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Plan 2014 and life along Lake Ontario

The water will win 

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There has been water everywhere.

A very wet spring means that bodies of water across Upstate New York are spilling over their banks. Wetlands and swamps are full. And so is Lake Ontario, which is what the other water would normally drain into.

For the home and business owners on Lake Ontario's southern shore, the flooding has been a slow-moving nightmare. Water – pushed some days by high winds – has been clawing into beachfronts and lawns, shifting sand, flooding buildings, closing roads.

Docks at marinas are under water. Businesses have been closed. Homeowners have been piling up sandbags, trying to stave off the lake. And many of the lakefront landowners and the elected officials who represent them are furious, blaming the loss of property and revenue on new regulations that control the flow of water out of Lake Ontario into the St. Lawrence River.

The regulations, provided in a report known as Plan 2014, were put together by the International Joint Commission, an organization created by the US and Canada to regulate the use of boundary waters – the five Great Lakes and the rivers that border the two nations – and to look into any disputes over that use.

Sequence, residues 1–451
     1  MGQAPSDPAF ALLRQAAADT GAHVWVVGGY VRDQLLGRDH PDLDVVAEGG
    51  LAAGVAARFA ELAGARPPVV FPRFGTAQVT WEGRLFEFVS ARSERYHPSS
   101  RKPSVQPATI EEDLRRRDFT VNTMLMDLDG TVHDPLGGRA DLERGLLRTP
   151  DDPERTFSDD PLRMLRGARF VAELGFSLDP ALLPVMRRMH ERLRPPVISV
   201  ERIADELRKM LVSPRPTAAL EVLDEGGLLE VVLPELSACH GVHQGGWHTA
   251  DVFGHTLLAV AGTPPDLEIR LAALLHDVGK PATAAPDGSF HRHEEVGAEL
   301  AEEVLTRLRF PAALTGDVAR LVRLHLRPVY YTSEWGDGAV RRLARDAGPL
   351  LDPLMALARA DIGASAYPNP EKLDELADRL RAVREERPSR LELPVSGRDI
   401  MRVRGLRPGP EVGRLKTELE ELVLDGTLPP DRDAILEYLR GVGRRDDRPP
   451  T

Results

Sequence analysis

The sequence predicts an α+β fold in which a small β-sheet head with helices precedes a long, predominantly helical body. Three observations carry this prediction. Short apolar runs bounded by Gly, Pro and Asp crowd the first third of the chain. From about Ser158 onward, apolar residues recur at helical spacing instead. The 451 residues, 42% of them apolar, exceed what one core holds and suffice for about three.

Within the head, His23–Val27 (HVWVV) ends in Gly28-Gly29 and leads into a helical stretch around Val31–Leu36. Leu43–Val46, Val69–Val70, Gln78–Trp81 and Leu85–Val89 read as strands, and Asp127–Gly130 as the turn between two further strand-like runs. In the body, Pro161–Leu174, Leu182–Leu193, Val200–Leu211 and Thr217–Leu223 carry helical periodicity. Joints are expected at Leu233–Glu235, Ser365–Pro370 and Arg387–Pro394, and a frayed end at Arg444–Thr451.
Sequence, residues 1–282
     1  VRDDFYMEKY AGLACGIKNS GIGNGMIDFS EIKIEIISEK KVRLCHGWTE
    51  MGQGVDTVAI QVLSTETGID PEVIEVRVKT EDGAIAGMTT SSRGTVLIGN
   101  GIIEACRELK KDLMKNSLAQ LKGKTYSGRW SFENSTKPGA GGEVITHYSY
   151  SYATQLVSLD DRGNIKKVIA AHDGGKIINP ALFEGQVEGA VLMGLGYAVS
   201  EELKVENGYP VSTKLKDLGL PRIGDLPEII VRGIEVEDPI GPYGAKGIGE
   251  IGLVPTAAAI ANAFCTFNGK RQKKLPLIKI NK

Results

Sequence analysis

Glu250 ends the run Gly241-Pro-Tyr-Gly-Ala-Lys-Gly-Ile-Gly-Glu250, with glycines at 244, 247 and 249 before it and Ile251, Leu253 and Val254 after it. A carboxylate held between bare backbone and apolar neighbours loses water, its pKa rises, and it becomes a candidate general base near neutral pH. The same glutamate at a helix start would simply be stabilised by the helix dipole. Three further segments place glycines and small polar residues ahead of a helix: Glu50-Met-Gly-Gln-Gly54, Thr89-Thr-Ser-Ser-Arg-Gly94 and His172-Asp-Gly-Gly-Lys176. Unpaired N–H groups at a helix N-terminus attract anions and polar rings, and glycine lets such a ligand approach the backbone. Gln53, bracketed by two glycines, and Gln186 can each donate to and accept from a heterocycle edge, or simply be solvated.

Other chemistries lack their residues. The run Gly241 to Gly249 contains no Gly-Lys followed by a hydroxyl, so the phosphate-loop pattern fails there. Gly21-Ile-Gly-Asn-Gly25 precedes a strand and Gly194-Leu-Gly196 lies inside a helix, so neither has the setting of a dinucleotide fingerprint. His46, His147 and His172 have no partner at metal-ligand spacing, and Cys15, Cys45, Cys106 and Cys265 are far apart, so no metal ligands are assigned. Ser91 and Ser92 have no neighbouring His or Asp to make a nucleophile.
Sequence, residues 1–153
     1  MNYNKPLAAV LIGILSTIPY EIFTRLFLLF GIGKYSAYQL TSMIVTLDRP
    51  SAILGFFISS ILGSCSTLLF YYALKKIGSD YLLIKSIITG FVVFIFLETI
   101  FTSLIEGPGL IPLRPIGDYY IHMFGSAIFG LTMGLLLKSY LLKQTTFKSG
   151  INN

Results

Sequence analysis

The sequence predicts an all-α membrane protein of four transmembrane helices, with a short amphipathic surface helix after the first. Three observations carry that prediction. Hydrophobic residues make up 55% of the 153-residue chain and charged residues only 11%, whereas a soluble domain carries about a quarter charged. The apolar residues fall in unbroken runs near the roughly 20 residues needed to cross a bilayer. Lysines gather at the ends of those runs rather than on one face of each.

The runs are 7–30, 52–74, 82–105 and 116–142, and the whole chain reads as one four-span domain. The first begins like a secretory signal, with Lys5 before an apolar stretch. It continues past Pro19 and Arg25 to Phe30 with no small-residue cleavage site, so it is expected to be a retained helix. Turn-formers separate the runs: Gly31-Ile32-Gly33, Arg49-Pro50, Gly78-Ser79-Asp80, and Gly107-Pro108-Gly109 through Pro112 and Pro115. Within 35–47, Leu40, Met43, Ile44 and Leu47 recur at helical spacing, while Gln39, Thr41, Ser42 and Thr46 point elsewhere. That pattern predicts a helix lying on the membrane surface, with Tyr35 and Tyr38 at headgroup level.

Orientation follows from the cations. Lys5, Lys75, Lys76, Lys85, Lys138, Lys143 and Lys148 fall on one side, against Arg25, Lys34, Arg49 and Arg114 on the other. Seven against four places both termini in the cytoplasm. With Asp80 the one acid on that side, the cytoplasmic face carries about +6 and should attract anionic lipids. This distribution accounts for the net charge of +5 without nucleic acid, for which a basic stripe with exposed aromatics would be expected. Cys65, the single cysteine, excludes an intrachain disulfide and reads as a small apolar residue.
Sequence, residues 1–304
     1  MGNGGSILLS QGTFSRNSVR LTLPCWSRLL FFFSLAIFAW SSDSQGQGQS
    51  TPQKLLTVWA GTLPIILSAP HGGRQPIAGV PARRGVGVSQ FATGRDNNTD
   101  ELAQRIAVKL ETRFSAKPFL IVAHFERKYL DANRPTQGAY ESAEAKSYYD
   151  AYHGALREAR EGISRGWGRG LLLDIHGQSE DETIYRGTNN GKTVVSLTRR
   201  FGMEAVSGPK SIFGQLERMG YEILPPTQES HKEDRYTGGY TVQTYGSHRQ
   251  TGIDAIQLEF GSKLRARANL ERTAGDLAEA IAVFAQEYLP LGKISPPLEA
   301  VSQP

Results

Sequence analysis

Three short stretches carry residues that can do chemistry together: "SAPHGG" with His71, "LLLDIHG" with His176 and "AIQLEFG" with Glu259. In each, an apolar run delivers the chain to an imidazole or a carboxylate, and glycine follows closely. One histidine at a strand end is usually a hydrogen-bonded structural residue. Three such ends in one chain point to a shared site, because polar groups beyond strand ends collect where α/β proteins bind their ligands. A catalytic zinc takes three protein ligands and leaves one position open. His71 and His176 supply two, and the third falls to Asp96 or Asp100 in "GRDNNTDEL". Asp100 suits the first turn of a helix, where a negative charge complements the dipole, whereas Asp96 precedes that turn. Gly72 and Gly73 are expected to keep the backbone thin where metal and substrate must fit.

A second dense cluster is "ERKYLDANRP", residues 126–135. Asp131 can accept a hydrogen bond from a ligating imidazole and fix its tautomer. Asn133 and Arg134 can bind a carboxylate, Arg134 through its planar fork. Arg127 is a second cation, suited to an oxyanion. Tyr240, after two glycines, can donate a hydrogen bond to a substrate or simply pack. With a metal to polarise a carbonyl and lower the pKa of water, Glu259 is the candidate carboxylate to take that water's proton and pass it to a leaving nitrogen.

The high water and the problems it has caused are not Plan 2014's fault. The level of Lake Ontario is probably higher than it would have been had there been no Plan 2014. But only slightly.

The lake level is high predominantly because of the rain and the snowmelt that preceded it. Nature is the biggest influence on the lake's water levels, and letting water through a dam can have only so much effect against a gargantuan lake.

Waterfront property is prime real estate. And proximity to the lake can provide major economic benefits to communities like Olcott in Niagara County, Greece and Irondequoit in Monroe County, and Sodus Point in Wayne County. Unless the water gets unusually high.

Which it has this spring.

It's no small matter when water threatens to seriously damage or destroy your house. No small matter to be unable to open your small business for days at a time because water has closed roads or flooded your building.

Shoreline property owners have been pleading for help and attacking the IJC. And politicians representing the communities along Ontario's southern shore have joined them.

click to enlarge South Bay Front Lane was closed because of flooding from Irondequoit Bay. - PHOTO BY JEREMY MOULE
  • PHOTO BY JEREMY MOULE
  • South Bay Front Lane was closed because of flooding from Irondequoit Bay.

In her recent State of the County address, Monroe County Executive Cheryl Dinolfo lashed out at Plan 2014. The high water and flooding, she said, "are eroding our shoreline, threatening our infrastructure, impacting our residents, and potentially damaging our tourism and recreation economy."

"Monroe County's shoreline is being ravaged," Dinolfo said, "and this is not an isolated event."